A week ahead of its deadline to submit a report about the post-1993 population in Tughlaqabad and surrounding areas to the Supreme Court, the Archaeological Survey of India (ASI) has received only the census data, even though it had sent letters to a number of agencies.
The ASI had written to a number of government agencies, including the Delhi Development Authority (DDA) and the Delhi Jal Board (DJB), asking them to share population statistics/data post 1993 for Tughlaqabad village area.
The letters were sent following a Supreme Court directive last month to the ASI to submit a report about population post the 1993 aerial survey of Tughlaqabad village and surroundings. The court had then also directed a status quo up to the next hearing with respect to eviction and demolition as per its earlier order, lifting the 2001 stay by Delhi High Court.
The DDA, the DJB, BSES (Nehru Place), divisional commissioner, DC (south), principal secretary (revenue) and also the Delhi’s chief secretary were requested to share their population statistics/data to ascertain the number of households in that area. For instance, the DJB was asked to share number of water connections while the BSES was asked the number of power connections.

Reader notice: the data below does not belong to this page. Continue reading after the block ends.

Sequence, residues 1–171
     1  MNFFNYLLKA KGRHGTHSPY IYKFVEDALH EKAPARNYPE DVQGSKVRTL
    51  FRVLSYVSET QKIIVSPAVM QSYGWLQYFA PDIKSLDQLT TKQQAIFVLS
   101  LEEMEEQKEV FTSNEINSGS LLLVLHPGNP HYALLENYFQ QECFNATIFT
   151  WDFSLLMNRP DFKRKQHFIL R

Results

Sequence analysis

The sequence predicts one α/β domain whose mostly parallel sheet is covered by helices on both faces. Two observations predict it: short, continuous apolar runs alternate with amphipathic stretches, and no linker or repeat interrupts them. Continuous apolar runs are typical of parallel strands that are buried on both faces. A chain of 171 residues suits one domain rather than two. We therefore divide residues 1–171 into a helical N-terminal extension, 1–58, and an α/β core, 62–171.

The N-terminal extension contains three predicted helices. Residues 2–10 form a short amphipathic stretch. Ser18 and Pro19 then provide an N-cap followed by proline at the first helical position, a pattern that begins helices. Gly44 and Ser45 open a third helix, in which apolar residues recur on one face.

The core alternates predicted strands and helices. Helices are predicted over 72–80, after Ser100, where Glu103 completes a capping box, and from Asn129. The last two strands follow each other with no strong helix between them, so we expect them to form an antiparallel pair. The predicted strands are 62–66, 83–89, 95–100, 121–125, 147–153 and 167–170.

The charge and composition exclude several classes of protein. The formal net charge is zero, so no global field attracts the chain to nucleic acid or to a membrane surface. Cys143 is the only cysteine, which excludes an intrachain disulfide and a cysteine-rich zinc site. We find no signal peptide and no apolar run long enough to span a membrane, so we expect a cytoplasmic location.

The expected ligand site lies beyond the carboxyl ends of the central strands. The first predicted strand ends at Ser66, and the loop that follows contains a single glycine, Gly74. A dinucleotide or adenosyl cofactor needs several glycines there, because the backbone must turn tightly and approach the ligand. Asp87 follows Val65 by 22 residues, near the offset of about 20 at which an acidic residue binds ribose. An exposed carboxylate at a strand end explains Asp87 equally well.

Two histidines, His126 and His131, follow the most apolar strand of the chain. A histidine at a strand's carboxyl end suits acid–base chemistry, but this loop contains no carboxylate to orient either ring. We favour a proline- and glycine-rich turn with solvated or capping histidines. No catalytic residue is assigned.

“Only after we get this information, we would proceed with the ground survey. But till date, we have received only the census data,” said a senior ASI official.
The next hearing in the case is on November 16.
In 1995, the Delhi government had transferred approximately 2,800 bighas of land to the ASI. In 2001, when the ASI attempted to evict people, they approached the Delhi high court. It gave them a stay. Recently, when the HC stay was vacated, the ASI again gave eviction and demolition notice. A population of almost 70,000 people of the Tughlaqabad village would have been affected had the ASI gone ahead with eviction and demolition activity.
The village was settled in the 14th century when Muhammed Tughlaq, eldest son of Ghiysa-ud-din Tughlaq, built the Tughlaqabad Fort. The ASI notified the Tughlaqbad Fort and the city wall sometime in 1920s along with a few other heritage structures in the vicinity.